I learned another thing on vacation, The New York Times is a great paper. Yes, the offers great news and all the content, but the actual paper is a great asset. I spent this past week reading the paper version of the Times and found great stories that informed and even entertained in each day's paper. I never see this in the digital version as it is not as easy to flip through the digital pages as it is the paper version. The Web version groups the information by like kind, but finding the nuggets is not as easy. I usually read the highlights using AvantGo, which may limit my closeness ot the nuggets I found I really miss. I subscribed to the paper version for years, but thought I found the digital version more streamlined, but now I realize what would make my morning coffee better.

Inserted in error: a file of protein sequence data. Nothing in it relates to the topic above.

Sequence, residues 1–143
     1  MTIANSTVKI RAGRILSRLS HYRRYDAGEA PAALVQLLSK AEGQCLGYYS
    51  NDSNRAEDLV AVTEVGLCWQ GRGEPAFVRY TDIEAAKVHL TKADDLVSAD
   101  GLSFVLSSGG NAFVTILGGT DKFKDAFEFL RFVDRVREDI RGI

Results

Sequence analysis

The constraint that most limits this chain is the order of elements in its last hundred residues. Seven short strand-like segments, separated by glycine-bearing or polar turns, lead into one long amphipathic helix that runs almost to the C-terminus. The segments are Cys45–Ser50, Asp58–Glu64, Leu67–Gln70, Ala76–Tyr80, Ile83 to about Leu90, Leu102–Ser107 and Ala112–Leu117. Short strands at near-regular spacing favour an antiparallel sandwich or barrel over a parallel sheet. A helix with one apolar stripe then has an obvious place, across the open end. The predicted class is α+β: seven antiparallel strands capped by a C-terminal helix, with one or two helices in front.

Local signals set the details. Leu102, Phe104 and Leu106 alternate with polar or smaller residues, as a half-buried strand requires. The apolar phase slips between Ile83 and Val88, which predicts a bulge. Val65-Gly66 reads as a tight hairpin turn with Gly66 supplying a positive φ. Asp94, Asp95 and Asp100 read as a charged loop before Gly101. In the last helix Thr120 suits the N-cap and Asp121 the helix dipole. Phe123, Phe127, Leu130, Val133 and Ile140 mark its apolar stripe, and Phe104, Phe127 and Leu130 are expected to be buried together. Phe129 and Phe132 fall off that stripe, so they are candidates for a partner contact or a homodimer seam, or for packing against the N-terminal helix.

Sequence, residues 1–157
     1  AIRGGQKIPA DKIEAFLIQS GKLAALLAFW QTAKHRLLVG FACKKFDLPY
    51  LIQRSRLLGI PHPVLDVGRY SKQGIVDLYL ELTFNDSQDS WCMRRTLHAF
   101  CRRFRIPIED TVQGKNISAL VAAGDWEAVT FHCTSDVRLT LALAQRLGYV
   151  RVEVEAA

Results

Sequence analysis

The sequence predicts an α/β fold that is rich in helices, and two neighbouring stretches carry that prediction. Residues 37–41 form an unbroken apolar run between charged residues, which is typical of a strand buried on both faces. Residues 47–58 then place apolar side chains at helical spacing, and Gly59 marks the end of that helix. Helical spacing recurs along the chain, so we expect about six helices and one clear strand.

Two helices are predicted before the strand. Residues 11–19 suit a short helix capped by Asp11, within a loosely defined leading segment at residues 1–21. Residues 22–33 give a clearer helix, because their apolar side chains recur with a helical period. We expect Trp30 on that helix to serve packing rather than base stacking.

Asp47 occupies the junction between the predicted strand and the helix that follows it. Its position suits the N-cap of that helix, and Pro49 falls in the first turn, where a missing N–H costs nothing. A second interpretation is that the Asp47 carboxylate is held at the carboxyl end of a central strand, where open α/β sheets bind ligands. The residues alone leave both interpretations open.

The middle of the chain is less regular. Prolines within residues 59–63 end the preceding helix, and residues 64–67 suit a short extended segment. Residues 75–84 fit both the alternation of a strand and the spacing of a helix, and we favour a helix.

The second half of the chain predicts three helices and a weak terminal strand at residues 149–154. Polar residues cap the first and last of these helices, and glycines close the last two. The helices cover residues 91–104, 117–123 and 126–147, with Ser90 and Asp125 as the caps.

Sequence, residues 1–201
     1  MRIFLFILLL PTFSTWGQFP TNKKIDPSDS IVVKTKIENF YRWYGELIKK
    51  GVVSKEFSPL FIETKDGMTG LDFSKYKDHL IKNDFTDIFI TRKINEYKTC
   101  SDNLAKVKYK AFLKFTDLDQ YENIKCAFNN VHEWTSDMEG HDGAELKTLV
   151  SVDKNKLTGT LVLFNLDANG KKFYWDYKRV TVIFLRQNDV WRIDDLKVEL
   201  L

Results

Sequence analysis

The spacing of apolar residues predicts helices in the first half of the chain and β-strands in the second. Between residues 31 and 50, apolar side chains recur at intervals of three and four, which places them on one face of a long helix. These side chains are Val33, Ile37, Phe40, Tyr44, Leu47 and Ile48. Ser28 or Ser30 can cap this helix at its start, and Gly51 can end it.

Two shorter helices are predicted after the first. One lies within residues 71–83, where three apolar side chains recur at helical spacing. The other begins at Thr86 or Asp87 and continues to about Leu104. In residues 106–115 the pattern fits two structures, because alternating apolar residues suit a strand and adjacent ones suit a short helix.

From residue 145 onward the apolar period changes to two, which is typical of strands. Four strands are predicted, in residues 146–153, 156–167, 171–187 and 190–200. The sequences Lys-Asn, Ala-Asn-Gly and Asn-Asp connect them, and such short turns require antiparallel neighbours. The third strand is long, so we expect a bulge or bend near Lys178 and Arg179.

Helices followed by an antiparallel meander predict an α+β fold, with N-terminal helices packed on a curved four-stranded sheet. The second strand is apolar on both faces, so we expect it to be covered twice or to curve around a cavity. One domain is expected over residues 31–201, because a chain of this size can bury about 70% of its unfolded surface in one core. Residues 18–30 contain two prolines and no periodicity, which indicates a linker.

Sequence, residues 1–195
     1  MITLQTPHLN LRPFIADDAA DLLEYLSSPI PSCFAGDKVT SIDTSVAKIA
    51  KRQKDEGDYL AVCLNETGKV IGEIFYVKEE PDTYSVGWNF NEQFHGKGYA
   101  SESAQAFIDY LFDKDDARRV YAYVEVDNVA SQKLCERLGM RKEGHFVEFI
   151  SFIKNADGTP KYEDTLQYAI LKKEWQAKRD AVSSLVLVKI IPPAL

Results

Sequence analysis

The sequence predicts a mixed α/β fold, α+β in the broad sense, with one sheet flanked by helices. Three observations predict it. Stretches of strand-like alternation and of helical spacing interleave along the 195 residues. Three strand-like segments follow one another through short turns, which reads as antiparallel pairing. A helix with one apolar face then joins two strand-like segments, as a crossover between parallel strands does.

July 28, 2002

BBC tech

In an examination of the BBC News site I found myself getting lost trying to find the technology section. Technology always was placed as a sub-category of Science and Nature, which was something I learned over time. Now it is its own section on both the UK and World versions of the news site. I like its separate placement, but I also used to find some interesting items in the science/nature/tech melange.

May 30, 2002

May 6, 2002

Fortyun shot dead